What About Socialization?
10 Myths of Socialization
Myth 1: Classroom Socialization is good
Classrooms are designed to be competitive. Students are engaged in an involuntary competition and are rated based on their performance.
Myth 2: Classroom Socialization is natural
Thereís nothing natural about a classroom. Thereís nothing natural about spending the majority of your waking hours with same age peers. Thereís nothing natural about having to ask permission to speak or go to the bathroom.
Myth 3: Classroom Socialization is normal
Who defines normal for your child? The social standards expected by parents and peers are not the same. Classroom socialization results in your child acquiring peer-directed social standards rather than parent-directed social standards.
Myth 4: Classroom Socialization prepares
children for the real world
Isolating a child in a classroom for 13 years does not prepare them for the real world. Homeschoolers receive their socialization from community-based daily life with real people in the real world.
Myth 5: Classroom Socialization will help my
child get along with others
What important social behaviors will your child learn in a classroom that they cannot learn at home and in selected community and social activities? Isnít it more logical to think that parents have more to offer in the area of teaching social skills to their children than the childís peers have?
Myth 6: Classroom Socialization doesn't
really affect my child because I'm still in charge
You canít control the influence of your childrenís peers on your child. You canít protect them from the bullying, name calling, and teasing from their peers. You canít even protect your child from the teacher who may treat your child as if they are dumb.
Myth 7: Classroom Socialization will help
develop my child's self-image
Very true. Not really a myth. Only one problem: The self-image your child ends up with may not be what you hoped for. Do you really want your childís self-image determined by a classroom ďpecking orderĒ?
Myth 8: Classroom Socialization is the same
today as when I went to school
Did you go through metal detectors? Was your school fenced in like a prison? Did you have armed guards? Could you go to your school nurse when you were in the 6th grade and get birth control?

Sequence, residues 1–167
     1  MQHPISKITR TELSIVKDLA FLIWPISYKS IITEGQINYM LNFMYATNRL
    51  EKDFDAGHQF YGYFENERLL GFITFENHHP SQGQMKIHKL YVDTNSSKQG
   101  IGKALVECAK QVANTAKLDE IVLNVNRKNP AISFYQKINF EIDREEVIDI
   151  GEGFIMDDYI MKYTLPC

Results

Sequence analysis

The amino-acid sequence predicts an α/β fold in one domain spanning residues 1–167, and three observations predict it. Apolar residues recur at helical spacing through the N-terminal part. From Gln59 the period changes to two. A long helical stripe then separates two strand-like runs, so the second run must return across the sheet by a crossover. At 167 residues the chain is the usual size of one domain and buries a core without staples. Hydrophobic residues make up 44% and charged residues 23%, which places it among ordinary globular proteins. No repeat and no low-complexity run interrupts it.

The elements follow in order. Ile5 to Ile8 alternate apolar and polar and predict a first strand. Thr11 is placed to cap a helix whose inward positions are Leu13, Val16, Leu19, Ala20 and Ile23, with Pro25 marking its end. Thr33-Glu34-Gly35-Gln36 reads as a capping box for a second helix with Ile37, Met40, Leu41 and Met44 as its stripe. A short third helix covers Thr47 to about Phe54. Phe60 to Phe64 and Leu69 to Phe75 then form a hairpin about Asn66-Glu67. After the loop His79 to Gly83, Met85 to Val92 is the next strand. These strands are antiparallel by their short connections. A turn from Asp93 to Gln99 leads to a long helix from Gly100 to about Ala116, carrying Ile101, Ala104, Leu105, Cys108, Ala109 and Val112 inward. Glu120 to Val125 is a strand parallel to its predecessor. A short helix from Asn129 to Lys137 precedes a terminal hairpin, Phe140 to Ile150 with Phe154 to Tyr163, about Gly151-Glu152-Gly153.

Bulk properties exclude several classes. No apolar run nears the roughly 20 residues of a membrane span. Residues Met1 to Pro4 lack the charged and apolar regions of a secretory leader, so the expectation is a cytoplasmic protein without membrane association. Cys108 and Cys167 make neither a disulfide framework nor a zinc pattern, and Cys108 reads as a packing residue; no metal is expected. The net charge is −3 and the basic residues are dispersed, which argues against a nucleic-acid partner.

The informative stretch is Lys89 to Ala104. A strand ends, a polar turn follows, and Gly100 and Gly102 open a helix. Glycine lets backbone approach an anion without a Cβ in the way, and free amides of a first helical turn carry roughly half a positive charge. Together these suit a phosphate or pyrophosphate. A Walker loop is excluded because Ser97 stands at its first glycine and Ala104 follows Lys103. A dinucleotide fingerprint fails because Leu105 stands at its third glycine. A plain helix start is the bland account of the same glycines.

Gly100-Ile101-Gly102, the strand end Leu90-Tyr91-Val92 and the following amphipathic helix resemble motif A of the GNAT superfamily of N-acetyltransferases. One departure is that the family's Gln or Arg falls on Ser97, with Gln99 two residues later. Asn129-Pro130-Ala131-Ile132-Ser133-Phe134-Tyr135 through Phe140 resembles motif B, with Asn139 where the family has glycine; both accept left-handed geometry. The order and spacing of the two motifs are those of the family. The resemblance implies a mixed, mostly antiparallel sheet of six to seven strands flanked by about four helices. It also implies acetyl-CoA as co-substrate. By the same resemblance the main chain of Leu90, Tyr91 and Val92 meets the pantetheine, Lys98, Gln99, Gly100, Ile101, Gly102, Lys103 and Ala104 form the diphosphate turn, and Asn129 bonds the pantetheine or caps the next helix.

Myth 9: Classroom Socialization is carefully
Children grow and develop socially at different rates. They have different needs. No classroom program can adequately address all the various educational needs of all the children let alone all their different social needs.
Myth 10: Classroom Socialization is
controlled by professionals so I can hand my child over to them
Teachers are not the problem in classroom socialization. The problem with classroom socialization is that teachers cannot possibly be expected to know and address the unique social needs of each student. Direct instruction with each student is minimal. One-on-one instruction on a daily basis is not possible given the restrictions of the classroom setting. Socialization is largely left to peers on the playground.
If you've read all the myths about socialization but still think your child needs to go to school to have friends, I encourage you to read a book by an expert from UCLA on how children learn friendship skills. The book is Good Friends are Hard to Find by Fred Frankel. Dr. Frankel, a psychologist, is a leading expert on children's social skills and is Director of the world renowned UCLA Parent Training & Social Skills Programs. His research and work focuses on how to help children make and keep friends. The main point of his book is that children need one-on-one play dates to make friends. School can be a place to meet potential play dates, but it is not the only place. If you decide to home school, your child can meet other children to set up play dates with at the various home school activities that are always available. You can also set up play dates with neighborhood children or with children with whom your child already shares a common interest such as other children from group classes, lessons, church, or sports. Home schooling does not mean your child is isolated. Far from it, they are actually spending more time in the real world than their peers who are in a classroom all day.
Articles Regarding Socialization and Homeschooling
"If there were no other reason for wanting to keep kids out of school, the social life would be reason enough." - John Holt
Disclaimer: Although there are many parents with comparable experiences, the information presented on this website reflects the experiences and opinions of one parent. It is provided for educational purposes only and should not be construed as medical or legal advice. Every parent should do his or her own research and act according to his or her own circumstances. Mary is not offering professional advice nor is she liable for damages.